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**Beta-Acyclic**

### Johann Brault-Baron

**To cite this version:**

### Johann Brault-Baron. A Negative Conjunctive Query is Easy if and only if it is Beta-Acyclic.

### Com-puter Science Logic (CSL’12) - 26th International Workshop/21st Annual Conference of the EACSL,

### CSL 2012, September 3-6, 2012, Fontainebleau, France, Sep 2012, Fontainebleau, France. pp.137-151.

### �hal-00786155�

**only if it is Beta-Acyclic**

**Johann Brault-Baron**

**Université de Caen/ENSICaen/CNRS - GREYC (UMR6072)**
**Bd Maréchal Juin 14050 Caen Cedex, France**

**Johann.Brault-Baron@unicaen.fr**

**Abstract**

*It is known that the data complexity of a Conjunctive Query (CQ) is determined only by the way*
its variables are shared between atoms, reflected by its hypergraph. In particular, Yannakakis [18,
*3] proved that a CQ is decidable in linear time when it is α-acyclic, i.e. its hypergraph is α-acyclic;*
Bagan et al. [2] even state:

*Any CQ is decidable in linear time iff it is α-acyclic. (under certain hypotheses)*
(By linear time, we mean a query on a structure S can be decided in time O(|S|))

*A natural question is: since the complexity of a Negative Conjunctive Query (NCQ), a *
*con-junctive query where all atoms are negated, also only depends on its hypergraph, can we find a*
similar dichotomy in this case?

To answer this question, we revisit a result of Ordyniak et al. [17] — that states that
*sat-isfiability of a β-acyclic CNF formula is decidable in polynomial time — by proving that some*
part of their procedure can be done in linear time. This implies, under an algorithmic hypothesis
*(precisely: one cannot decide whether a graph is triangle-free in time O(n*2_{log n) where n is the}

number of vertices.) that is likely true:

*Any NCQ is decidable in quasi-linear time iff it is β-acyclic.*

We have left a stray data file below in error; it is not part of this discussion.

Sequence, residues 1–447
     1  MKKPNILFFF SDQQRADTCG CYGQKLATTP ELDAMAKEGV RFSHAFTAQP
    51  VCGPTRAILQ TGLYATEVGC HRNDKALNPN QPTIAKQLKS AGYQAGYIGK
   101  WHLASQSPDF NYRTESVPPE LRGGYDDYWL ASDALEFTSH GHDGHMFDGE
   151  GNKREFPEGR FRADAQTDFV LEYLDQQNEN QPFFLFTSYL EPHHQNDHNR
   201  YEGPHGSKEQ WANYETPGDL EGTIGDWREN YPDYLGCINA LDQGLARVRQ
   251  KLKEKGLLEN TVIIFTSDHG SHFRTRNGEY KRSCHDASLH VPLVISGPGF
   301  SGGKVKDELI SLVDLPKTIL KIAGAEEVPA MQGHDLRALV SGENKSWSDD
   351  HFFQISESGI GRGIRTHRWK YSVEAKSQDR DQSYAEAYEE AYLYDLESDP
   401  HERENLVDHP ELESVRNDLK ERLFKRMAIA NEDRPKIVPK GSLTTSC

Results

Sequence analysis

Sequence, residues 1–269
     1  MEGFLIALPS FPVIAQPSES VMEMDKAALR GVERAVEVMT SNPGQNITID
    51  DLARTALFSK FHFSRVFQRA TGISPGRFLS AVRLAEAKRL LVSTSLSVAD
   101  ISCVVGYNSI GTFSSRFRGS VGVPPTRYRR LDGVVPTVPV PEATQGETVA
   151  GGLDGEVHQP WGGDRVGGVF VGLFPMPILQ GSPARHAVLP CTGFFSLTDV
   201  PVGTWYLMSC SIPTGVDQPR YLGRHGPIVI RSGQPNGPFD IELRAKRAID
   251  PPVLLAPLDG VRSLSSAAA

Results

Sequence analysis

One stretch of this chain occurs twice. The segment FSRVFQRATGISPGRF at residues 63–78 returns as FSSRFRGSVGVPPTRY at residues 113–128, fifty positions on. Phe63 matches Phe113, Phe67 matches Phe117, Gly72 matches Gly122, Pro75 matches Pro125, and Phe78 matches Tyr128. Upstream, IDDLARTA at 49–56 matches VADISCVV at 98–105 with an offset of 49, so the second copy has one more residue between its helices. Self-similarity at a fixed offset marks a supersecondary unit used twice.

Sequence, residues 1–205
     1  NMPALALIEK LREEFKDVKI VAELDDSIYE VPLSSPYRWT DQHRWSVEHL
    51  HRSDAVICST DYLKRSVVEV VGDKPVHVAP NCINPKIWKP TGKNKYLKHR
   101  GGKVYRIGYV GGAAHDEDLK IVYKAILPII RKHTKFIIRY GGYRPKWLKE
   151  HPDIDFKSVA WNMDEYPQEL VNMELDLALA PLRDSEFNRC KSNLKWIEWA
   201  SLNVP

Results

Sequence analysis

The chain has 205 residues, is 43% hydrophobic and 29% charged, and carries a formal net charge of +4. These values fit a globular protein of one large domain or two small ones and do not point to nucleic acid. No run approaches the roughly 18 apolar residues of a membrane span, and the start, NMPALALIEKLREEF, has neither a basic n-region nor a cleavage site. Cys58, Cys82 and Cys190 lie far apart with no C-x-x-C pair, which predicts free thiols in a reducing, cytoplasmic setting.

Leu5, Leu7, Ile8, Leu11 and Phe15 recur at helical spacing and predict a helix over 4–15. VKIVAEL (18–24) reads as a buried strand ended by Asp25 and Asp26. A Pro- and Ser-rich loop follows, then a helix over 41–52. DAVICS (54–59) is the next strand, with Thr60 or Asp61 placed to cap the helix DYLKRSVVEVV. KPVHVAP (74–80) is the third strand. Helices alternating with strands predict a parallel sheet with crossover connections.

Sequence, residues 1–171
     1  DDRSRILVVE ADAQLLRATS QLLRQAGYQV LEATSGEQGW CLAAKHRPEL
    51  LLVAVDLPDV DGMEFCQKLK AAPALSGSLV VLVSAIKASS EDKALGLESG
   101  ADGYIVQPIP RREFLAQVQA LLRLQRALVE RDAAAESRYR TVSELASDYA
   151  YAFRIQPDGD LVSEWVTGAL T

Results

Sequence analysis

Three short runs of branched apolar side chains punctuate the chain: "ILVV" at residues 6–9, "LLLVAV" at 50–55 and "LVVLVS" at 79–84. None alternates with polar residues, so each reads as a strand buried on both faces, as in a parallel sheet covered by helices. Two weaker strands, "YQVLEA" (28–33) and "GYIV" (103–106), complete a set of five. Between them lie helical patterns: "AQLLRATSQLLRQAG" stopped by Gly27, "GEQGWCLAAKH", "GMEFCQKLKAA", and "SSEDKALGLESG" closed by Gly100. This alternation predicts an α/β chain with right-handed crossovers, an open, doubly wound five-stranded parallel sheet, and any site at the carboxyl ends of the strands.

(By quasi-linear time, we mean a query on a structure S can be decided in time O(|S| log |S|))
*We extend the easiness result to Signed Conjunctive Query (SCQ) where some atoms are*
negated. This has great interest since using some negated atoms is natural in the frameworks of
databases and CSP. Furthermore, it implies straightforwardly the following:

*Any β-acyclic existential first-order query is decidable in quasi-linear time.*

**1998 ACM Subject Classification** F.1.3 Complexity Measures and Classes, H.2.4 Query
pro-cessing

**Keywords and phrases** *conjunctive query, hypergraph, β-acyclicity, data complexity, *

Davis-Putnam procedure.

**Digital Object Identifier** 10.4230/LIPIcs.CSL.2012.137

**1**

**Introduction**

This paper gives descriptive complexity results in a finite model theory framework. According to [16], “Finite model theory studies the expressive power of logic on finite relational structures.” Here we emphasize the complexity aspect of expressive power, in relation with the considered (first-order) logic fragment.

A fragment of great interest is the primitive positive fragment, i.e. the set of sentences one can build using only atoms — relations between variables —, the conjunction ∧ and the existential quantifier ∃. This fragment, also known as Conjunctive Queries (CQ), is fundamental in database theory (see [5] for example) and in Constraint Satisfaction Problems (CSP) (see [7]). While general queries (first-order sentences) are PSpace-complete in terms

© Johann Brault-Baron;

of combined complexity, conjunctive queries are “only” NP-complete in terms of combined complexity, or W[1]-Complete ([13]) in terms of parametrized complexity.

*An important tractable class of conjunctive queries are the α-acyclic (or acyclic, for short)*
conjunctive queries. They are tractable in a very strong sense: Yannakakis [18] proved that